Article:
This book is very light on the world-building, but that’s because it is so character-driven. Ultimately, it doesn’t matter where the magic came from or how it shifts as the coven tries to solve its big problem. The story is tightly woven in its emotional arcs that ultimately, the real magic was also the friends we had along the way.

We have been blessed in these last twelve months of works by Sarah Gailey. While I hope they get some rest, I cannot wait to see what they come up with next.

 

March 2020 TBR

In March, I have an almost-literal mountain of library books to read, not counting audiobooks.

Hard Copies

  • The Age of Ice by J.M. Sidorova (Library Borrow)
  • Echo North by Joanna Ruth Meyer (Library Borrow)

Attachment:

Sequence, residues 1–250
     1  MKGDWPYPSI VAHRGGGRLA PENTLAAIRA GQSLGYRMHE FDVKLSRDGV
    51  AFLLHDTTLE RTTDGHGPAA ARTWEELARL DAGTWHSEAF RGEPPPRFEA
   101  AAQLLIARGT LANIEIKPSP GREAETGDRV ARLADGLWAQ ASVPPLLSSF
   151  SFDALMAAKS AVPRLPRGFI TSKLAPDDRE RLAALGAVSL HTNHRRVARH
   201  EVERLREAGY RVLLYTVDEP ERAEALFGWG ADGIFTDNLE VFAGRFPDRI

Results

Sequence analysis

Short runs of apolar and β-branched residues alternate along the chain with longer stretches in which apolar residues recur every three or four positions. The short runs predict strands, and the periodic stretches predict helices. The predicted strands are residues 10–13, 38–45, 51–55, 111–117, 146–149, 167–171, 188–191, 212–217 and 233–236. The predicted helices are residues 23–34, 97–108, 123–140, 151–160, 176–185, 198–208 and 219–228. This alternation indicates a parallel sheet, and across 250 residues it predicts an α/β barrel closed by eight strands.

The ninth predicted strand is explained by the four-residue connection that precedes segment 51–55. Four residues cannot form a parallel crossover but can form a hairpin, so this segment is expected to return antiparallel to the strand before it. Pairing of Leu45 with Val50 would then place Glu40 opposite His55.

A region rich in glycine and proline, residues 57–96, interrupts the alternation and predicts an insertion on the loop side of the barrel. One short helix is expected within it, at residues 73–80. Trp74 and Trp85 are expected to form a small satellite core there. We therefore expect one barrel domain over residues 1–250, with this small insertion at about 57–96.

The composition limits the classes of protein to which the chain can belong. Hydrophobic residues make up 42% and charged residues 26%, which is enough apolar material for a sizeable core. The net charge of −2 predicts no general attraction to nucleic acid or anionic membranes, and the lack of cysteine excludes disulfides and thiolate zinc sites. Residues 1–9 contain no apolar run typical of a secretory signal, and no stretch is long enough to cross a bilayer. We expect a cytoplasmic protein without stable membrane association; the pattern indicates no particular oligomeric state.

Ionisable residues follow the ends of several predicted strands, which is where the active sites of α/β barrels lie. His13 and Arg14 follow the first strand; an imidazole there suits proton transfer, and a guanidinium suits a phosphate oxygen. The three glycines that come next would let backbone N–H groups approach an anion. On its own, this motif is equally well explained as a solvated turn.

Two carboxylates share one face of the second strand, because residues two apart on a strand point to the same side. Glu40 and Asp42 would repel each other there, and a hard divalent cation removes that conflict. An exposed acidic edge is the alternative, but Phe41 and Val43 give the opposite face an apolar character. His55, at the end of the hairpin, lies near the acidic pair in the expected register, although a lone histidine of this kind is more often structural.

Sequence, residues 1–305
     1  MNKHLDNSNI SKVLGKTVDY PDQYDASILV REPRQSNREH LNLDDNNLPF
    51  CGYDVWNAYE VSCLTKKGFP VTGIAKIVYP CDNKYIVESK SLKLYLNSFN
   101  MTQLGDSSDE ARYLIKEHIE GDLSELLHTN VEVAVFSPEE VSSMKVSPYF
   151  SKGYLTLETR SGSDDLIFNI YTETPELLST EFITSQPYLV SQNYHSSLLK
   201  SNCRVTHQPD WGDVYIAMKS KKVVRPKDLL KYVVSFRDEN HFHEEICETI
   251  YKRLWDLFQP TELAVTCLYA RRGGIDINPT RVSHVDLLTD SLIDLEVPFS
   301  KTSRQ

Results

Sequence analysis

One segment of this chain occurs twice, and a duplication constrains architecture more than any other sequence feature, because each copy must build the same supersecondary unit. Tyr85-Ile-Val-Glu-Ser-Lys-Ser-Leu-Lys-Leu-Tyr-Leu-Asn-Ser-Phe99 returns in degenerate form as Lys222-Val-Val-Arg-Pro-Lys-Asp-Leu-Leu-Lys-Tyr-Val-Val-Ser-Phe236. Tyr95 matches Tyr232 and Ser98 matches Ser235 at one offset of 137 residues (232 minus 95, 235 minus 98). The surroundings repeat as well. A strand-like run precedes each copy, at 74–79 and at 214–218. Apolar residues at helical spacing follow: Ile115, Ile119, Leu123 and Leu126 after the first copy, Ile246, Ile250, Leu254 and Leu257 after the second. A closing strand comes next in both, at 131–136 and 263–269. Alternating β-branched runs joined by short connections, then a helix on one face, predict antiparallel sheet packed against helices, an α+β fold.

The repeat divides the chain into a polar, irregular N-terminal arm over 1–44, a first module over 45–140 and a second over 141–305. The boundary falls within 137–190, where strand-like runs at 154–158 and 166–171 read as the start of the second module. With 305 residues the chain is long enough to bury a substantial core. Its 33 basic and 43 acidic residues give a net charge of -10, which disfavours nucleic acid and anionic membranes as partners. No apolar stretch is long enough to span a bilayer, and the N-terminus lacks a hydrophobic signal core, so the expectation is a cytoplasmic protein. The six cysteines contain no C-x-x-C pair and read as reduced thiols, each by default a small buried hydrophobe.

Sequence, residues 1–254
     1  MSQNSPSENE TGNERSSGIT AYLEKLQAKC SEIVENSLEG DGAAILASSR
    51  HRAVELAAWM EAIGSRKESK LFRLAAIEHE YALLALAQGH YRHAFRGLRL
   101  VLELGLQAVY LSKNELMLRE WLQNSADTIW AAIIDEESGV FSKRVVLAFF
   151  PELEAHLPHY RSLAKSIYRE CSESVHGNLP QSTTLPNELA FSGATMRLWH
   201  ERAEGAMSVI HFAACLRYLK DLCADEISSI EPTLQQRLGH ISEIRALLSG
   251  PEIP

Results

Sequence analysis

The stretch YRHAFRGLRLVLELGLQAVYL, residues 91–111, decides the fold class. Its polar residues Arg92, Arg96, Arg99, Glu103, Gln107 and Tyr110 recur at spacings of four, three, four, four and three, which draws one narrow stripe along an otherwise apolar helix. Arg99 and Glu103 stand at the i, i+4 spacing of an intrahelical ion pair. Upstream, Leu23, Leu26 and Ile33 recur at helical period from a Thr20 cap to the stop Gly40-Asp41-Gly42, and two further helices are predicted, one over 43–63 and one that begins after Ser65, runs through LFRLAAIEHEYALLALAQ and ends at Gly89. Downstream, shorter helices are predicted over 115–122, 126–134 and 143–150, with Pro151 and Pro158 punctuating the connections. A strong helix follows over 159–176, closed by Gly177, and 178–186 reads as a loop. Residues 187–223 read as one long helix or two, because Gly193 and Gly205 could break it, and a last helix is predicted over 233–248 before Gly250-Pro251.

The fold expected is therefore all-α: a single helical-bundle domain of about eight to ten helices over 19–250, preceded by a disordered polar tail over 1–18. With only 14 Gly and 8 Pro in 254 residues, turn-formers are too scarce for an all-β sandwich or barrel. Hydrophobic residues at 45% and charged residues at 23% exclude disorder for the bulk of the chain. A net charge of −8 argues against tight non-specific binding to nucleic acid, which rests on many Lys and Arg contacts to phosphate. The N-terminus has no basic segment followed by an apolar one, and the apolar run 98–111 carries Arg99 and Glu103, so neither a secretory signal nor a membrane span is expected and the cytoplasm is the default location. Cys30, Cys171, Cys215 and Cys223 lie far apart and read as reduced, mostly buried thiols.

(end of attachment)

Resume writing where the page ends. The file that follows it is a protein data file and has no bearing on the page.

• The Fortress by S.A. Jones (ARC)

Kindle

  • Fire & Heist by Sarah Beth Durst (ARC)
  • Flotsam (Peridot Shift #1) by R.J. Theodore
  • When We Were Magic by Sarah Gailey (ARC)

Audiobooks

  • Assassin’s Apprentice (The Farseer Trilogy #1) by Robin Hobb
  • The Queen’s Rising by Rebecca Ross
  • Ruse (Want #2) by Cindy Pon
  • Sorcery of Thorns by Margaret Rogerson

One book to beta read this month, and my own to steadily write throughout the month.

February 2020 Reading Recap

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I am so ahead on reads and somehow feel behind. These last few months have been rough for me, but I am so glad that 2020 continues to deliver incredible reads which provide some kind of escape.

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ARC Review: UPRIGHT WOMEN WANTED by Sarah Gailey (2020)